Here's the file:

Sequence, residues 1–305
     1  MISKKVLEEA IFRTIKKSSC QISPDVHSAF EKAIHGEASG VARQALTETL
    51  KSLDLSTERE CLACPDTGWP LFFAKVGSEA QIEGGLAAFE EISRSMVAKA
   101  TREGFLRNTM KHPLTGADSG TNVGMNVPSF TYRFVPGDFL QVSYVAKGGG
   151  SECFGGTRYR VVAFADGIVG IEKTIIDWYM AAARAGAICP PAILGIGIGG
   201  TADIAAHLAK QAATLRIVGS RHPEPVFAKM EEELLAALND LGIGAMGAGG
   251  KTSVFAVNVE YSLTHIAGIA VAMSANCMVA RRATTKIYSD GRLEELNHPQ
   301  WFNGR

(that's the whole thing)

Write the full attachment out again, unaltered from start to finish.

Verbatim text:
Sequence, residues 1–305
     1  MISKKVLEEA IFRTIKKSSC QISPDVHSAF EKAIHGEASG VARQALTETL
    51  KSLDLSTERE CLACPDTGWP LFFAKVGSEA QIEGGLAAFE EISRSMVAKA
   101  TREGFLRNTM KHPLTGADSG TNVGMNVPSF TYRFVPGDFL QVSYVAKGGG
   151  SECFGGTRYR VVAFADGIVG IEKTIIDWYM AAARAGAICP PAILGIGIGG
   201  TADIAAHLAK QAATLRIVGS RHPEPVFAKM EEELLAALND LGIGAMGAGG
   251  KTSVFAVNVE YSLTHIAGIA VAMSANCMVA RRATTKIYSD GRLEELNHPQ
   301  WFNGR